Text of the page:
00:31 GMT14 August 2020
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    LONDON (Sputnik) – French President Emmanuel Macron's threat to block any extension of Article 50 of the Lisbon Treaty is yet another attempt to pressure UK Prime Minister Theresa May into capitulating to the EU provisions of Brexit, Steven Woolfe, independent member of the European Parliament for North West England, told Sputnik on Wednesday.

    "My response to the fact that Macron has decided to try and veto is because he knows that Britain is currently being laughed at by the European Union – they're all solidifying themselves to try and force more pressure on Theresa May", the lawmaker said adding the UK prime minister is "beleaguered".

    According to Woolfe, Macron is trying to pose himself as a "hard man" of the European Union on the Brexit issue.

    READ MORE: 'Not Impossible That a Revised Deal Could Get Through' – Analyst on Brexit Talks

    "I'm not surprised that Macron is trying to play the hard man of the EU in saying that nothing can ever be renegotiated. This is a man that criticised the Venezuelan President [Nicolas Maduro] over the weekend in attacking those who opposed his government whilst his own police were firing rubber bullets and flash bombs into the eyes of the leaders of his own opposition," the lawmaker stressed, referring to French security forces' crackdown on "yellow vest" protesters.

    Earlier in the day, Macron said that France would vote against any possible extension of Article 50 if May faced further defeats in the UK parliament on Brexit, adding that any extra time for the renewed negotiations between London and Brussels could only come with a "clear objective" as the end goal.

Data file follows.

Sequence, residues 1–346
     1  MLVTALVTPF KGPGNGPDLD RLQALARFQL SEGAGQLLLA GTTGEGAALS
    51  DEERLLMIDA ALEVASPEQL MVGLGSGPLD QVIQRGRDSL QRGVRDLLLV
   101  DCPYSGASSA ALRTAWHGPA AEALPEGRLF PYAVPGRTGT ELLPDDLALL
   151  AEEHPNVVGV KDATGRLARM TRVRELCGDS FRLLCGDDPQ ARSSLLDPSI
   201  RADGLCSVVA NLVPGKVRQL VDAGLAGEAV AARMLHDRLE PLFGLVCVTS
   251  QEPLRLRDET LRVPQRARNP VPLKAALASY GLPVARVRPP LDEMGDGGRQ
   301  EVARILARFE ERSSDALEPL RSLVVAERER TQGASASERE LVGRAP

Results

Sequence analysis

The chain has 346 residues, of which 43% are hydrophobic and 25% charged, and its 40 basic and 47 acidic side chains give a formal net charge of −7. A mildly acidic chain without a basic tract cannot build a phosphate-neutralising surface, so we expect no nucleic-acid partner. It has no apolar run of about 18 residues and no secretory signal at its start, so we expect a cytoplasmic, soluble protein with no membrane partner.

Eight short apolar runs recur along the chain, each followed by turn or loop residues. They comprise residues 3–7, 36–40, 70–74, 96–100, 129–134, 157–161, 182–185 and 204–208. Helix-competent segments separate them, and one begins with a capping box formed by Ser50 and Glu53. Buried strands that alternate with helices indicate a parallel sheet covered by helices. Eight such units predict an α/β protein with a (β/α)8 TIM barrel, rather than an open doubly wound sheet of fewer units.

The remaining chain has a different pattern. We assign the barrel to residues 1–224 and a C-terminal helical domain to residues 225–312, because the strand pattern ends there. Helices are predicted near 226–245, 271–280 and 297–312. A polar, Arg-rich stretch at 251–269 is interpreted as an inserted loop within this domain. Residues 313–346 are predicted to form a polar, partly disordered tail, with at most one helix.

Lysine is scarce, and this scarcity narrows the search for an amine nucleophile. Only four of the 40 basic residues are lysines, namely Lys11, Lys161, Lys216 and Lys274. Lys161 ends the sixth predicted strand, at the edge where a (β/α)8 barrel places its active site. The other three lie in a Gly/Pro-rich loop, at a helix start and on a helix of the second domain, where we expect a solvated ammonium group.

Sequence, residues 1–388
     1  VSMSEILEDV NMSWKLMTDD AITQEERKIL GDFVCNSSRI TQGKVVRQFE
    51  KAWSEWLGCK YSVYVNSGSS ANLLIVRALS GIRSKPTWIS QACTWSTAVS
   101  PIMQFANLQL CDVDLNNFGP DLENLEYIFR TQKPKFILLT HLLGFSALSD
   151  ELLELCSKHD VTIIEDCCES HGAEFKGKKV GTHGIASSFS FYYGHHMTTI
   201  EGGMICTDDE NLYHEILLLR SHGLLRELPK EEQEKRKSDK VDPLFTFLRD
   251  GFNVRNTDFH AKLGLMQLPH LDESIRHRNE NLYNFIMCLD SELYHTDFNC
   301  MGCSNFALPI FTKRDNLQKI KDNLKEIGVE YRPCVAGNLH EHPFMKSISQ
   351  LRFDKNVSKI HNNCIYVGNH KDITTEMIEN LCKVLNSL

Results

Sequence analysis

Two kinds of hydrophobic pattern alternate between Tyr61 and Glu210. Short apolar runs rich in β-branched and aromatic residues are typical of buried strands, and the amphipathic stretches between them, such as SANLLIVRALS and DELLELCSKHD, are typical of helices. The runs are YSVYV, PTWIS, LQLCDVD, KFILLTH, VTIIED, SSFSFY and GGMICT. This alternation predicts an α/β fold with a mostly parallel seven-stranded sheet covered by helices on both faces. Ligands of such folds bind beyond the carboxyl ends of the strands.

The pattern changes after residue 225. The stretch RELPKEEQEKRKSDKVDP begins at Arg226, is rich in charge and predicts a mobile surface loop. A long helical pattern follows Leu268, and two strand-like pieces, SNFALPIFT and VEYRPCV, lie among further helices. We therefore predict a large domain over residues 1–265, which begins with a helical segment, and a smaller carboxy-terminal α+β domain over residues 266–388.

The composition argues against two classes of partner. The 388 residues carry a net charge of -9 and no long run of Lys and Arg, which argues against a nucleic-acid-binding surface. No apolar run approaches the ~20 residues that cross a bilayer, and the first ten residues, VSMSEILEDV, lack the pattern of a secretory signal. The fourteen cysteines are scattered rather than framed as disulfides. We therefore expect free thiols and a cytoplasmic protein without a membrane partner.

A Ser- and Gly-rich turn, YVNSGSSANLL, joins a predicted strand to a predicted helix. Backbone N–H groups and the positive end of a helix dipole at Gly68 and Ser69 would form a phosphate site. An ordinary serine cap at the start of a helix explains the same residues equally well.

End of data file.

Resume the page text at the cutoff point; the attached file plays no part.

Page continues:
On Tuesday, May said that the UK parliament would vote on a no-deal Brexit in March if the government's plan on the issue was rejected, and if a no-deal option was voted down as well, the vote on Brexit extension would be held.

    READ MORE: UK to Survive No-Deal Brexit, But Economy Disruptions Inevitable — Trade Min.

    The United Kingdom is set to leave the European Union on 29 March. While London managed to negotiate a withdrawal deal with Brussels after months of intense talks, the UK parliament has been refusing to endorse the deal due to the controversial provision on the Irish border backstop, contributing to fears of a no-deal Brexit.

    The German chancellor has said that the European Union "would not say no" to an extension demand.


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    pressure, Brexit, Steven Woolfe, Emmanuel Macron, Theresa May, EU, United Kingdom, France
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